“Ordinary mind is the Way,” Nansen replied.
“Shall I try to seek after it?” Joshu asked.
“If you try for it, you will become separated from it,” responded Nansen.
How can I know the Way unless I try for it?” persisted Joshu.
Nansen said, “The Way is not a matter of knowing or not knowing. Knowing is delusion; not knowing is confusion. When you have really reached the true Way beyond doubt, you will find it as vast and boundless as outer space. How can it be talked about on the level of right and wrong?”
With those words, Joshu came to a sudden realization.
I want to begin by introducing you to a gentleman whose writings I recently came across, S. Brian Willson. Brian was a young Air Force lieutenant in Vietnam, assigned to provide airbase security. He was a strong proponent of our strategies in the war, including calls for massive bombing and nuclear defoliation. For some reason, Brian was asked to go out to assess the extent of damage to a village that had been bombed with napalm, although that wasn’t part of his security job. He arrived shortly after the bombing had occurred. There in the smoldering ruins, lay the charred bodies of the villagers. Many were women and children, and while most were already dead, the cries of those writhing blackened husks who were still alive pierced the air.
At that moment, something extraordinary happened. Brian broke down and his life was changed forever. Now, that may not sound extraordinary. You may reason that any human being would have done so under those circumstances. However, Brian was not any human being. To start with, he was a soldier, an officer, a patriot, and a proponent of the war. He was not supposed to feel for the lives of these “gooks,” who were not just the enemy, but a subhuman race who deserved to die for opposing the “might and right” of the United States. Furthermore, Brian had embraced the American dream and the American ethos. He was a young man on his way up, coming from the lower middle class and aspiring to rise in society. Fighting in a war and killing to protect our way of life has long been considered a part of that process of gaining stature in our society.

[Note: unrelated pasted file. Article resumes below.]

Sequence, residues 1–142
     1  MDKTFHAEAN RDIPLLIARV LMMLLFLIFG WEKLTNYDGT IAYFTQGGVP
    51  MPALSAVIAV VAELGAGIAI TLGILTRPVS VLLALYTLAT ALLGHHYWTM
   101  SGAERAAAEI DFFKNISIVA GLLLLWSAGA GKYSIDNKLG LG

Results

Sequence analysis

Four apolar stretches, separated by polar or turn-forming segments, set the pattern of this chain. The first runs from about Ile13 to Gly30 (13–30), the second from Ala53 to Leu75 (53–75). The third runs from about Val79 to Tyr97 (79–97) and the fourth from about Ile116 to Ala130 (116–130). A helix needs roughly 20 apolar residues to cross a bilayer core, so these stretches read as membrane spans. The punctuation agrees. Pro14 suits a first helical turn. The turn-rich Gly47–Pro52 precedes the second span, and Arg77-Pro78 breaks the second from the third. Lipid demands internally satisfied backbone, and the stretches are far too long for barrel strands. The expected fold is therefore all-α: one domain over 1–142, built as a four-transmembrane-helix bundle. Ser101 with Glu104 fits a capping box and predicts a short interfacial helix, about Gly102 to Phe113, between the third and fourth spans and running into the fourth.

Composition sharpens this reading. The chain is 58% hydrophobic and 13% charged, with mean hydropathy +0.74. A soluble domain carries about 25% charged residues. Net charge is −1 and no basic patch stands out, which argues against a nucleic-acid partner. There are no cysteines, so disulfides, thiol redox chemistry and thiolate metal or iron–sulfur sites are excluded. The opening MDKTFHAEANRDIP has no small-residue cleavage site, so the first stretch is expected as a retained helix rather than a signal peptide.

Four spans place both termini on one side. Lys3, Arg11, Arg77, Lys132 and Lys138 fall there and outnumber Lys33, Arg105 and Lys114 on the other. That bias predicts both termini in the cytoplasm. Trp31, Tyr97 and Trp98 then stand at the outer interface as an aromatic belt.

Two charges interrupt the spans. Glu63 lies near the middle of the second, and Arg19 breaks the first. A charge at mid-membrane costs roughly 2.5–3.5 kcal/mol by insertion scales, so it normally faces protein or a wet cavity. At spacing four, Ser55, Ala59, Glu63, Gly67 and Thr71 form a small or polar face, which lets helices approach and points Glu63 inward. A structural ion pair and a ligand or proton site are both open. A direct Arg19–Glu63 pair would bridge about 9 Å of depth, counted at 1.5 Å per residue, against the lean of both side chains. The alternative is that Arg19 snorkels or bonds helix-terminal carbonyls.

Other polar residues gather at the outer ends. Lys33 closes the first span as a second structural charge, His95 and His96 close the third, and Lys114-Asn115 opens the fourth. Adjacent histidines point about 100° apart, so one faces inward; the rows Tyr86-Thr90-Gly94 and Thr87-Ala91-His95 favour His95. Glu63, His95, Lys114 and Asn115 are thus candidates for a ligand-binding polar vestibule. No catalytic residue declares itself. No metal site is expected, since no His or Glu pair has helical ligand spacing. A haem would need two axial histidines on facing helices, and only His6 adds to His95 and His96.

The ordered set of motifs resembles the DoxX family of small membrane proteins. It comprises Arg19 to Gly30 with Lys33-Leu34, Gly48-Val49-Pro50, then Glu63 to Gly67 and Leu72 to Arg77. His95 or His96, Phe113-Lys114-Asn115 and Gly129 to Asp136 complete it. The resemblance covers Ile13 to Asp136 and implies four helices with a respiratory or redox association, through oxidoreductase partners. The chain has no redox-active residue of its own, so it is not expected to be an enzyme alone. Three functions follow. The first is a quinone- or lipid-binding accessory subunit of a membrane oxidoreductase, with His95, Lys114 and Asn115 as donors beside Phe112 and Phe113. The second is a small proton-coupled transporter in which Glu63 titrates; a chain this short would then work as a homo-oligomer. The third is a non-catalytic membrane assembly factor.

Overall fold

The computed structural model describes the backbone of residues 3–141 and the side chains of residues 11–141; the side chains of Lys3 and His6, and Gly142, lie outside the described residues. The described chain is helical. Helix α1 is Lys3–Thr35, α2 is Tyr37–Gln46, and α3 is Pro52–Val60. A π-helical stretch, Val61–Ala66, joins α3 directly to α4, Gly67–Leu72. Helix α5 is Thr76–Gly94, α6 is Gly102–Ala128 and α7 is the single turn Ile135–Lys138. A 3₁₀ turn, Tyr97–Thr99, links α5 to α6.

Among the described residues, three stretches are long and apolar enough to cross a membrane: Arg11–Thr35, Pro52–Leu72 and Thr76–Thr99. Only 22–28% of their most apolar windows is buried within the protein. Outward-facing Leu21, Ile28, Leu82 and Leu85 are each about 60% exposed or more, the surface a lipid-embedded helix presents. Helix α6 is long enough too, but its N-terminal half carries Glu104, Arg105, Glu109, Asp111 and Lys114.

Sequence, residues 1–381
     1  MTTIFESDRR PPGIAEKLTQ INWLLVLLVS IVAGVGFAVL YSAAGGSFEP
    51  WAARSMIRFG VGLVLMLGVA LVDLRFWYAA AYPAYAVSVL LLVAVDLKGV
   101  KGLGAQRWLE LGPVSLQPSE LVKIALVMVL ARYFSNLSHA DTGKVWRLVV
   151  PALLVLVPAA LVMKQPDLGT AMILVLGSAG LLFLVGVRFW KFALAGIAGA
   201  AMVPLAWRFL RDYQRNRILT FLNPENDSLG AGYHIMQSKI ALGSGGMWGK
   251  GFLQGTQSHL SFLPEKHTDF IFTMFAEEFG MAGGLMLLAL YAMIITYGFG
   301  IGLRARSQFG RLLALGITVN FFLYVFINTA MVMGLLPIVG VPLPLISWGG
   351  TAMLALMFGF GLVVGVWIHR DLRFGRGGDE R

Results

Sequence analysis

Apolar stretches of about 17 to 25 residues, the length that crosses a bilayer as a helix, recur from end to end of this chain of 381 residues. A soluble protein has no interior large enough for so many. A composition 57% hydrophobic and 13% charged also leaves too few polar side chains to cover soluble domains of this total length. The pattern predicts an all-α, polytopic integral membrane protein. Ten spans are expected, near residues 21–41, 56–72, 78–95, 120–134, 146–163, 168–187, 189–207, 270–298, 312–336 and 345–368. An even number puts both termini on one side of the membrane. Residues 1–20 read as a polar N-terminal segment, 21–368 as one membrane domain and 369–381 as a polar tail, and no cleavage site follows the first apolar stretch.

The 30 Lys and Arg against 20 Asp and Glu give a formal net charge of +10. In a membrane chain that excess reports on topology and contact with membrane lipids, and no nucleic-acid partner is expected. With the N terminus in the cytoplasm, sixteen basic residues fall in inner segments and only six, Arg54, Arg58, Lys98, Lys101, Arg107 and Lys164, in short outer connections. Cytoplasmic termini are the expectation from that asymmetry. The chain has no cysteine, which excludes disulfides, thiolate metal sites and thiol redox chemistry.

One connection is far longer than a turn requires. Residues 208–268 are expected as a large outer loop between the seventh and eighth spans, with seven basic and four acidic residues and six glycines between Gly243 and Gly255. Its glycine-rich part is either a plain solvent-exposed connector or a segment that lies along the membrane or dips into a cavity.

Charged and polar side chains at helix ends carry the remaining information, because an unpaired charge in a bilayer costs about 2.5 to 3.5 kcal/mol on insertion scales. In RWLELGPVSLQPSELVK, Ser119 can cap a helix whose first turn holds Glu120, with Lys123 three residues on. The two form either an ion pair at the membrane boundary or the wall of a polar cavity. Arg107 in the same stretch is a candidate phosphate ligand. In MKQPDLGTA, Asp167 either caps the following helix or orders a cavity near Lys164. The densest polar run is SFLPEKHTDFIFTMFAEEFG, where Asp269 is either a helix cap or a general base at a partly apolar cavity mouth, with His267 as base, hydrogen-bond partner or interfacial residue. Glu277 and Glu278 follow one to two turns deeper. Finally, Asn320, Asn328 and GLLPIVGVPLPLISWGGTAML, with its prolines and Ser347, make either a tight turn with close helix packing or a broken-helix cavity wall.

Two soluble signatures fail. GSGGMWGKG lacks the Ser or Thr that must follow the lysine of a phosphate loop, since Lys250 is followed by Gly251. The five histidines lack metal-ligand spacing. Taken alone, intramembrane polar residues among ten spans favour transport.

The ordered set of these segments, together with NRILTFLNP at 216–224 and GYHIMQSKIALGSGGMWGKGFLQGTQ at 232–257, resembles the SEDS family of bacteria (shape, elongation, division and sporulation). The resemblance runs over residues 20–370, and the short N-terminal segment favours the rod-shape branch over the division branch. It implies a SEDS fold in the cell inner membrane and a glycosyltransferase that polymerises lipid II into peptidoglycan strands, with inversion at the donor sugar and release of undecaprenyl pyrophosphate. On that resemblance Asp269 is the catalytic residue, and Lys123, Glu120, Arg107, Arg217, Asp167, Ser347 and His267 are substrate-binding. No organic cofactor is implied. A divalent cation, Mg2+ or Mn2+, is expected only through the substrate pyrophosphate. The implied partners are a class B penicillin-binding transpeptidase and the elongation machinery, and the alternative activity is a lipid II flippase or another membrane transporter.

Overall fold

The South Vietnamese officer who was accompanying Brian was completely baffled by his retching and tearful reaction. What was there in this scene to cause that? Just some dead villagers, nothing more. Brian, too, should have reacted with impassivity. It was how he was conditioned and trained to react, not just by his military training, but by the conditioning that our nation’s sense of manifest destiny and its inherent racism subtly imposes on us all. What happened in that moment to undo all of the years of preparation for his role in that war? Brian should have numbed out. He should have repressed the reality, but instead he saw clearly, perceiving with what I believe was the “ordinary mind” that Nansen spoke of!
You see, ordinary mind is nothing special, and yet it is extraordinary. It is seeing what is right before our eyes with clarity. We see what is there, no more, no less. The blinders of our conditioning, our desires, our attachments, our beliefs, our self-centeredness, our self-righteousness, have all been lifted. We awake from the numbness of the trance state which we normally exist in. There is nothing, no veil or barrier, to protect us from the onrushing force of this very reality. And even more importantly, nothing to separate us from anything. In the moment of perceiving with ordinary mind, those burned bodies are not other, not apart from me, they are me – my body lying completely disfigured in the mud of that village.